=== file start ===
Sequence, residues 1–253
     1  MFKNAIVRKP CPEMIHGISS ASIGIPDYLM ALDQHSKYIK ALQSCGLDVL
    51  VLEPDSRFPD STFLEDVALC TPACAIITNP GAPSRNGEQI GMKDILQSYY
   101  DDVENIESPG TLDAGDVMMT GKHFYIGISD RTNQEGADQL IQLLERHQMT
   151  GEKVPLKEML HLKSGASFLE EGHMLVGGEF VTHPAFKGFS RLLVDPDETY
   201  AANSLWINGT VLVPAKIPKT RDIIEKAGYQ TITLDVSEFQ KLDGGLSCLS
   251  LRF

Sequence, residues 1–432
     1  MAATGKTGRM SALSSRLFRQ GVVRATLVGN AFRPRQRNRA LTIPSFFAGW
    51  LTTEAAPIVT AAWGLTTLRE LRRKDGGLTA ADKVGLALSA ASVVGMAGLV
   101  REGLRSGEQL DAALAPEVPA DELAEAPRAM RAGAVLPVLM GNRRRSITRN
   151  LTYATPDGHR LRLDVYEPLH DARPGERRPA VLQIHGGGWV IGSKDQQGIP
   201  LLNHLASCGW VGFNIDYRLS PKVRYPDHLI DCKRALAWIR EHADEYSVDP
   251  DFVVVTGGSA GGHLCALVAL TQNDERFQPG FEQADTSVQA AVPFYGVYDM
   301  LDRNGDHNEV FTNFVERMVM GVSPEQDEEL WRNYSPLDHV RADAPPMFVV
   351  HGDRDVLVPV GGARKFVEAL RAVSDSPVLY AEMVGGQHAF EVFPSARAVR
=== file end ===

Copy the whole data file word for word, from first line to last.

Sequence, residues 1–253
     1  MFKNAIVRKP CPEMIHGISS ASIGIPDYLM ALDQHSKYIK ALQSCGLDVL
    51  VLEPDSRFPD STFLEDVALC TPACAIITNP GAPSRNGEQI GMKDILQSYY
   101  DDVENIESPG TLDAGDVMMT GKHFYIGISD RTNQEGADQL IQLLERHQMT
   151  GEKVPLKEML HLKSGASFLE EGHMLVGGEF VTHPAFKGFS RLLVDPDETY
   201  AANSLWINGT VLVPAKIPKT RDIIEKAGYQ TITLDVSEFQ KLDGGLSCLS
   251  LRF

Sequence, residues 1–432
     1  MAATGKTGRM SALSSRLFRQ GVVRATLVGN AFRPRQRNRA LTIPSFFAGW
    51  LTTEAAPIVT AAWGLTTLRE LRRKDGGLTA ADKVGLALSA ASVVGMAGLV
   101  REGLRSGEQL DAALAPEVPA DELAEAPRAM RAGAVLPVLM GNRRRSITRN
   151  LTYATPDGHR LRLDVYEPLH DARPGERRPA VLQIHGGGWV IGSKDQQGIP
   201  LLNHLASCGW VGFNIDYRLS PKVRYPDHLI DCKRALAWIR EHADEYSVDP
   251  DFVVVTGGSA GGHLCALVAL TQNDERFQPG FEQADTSVQA AVPFYGVYDM
   301  LDRNGDHNEV FTNFVERMVM GVSPEQDEEL WRNYSPLDHV RADAPPMFVV
   351  HGDRDVLVPV GGARKFVEAL RAVSDSPVLY AEMVGGQHAF EVFPSARAVR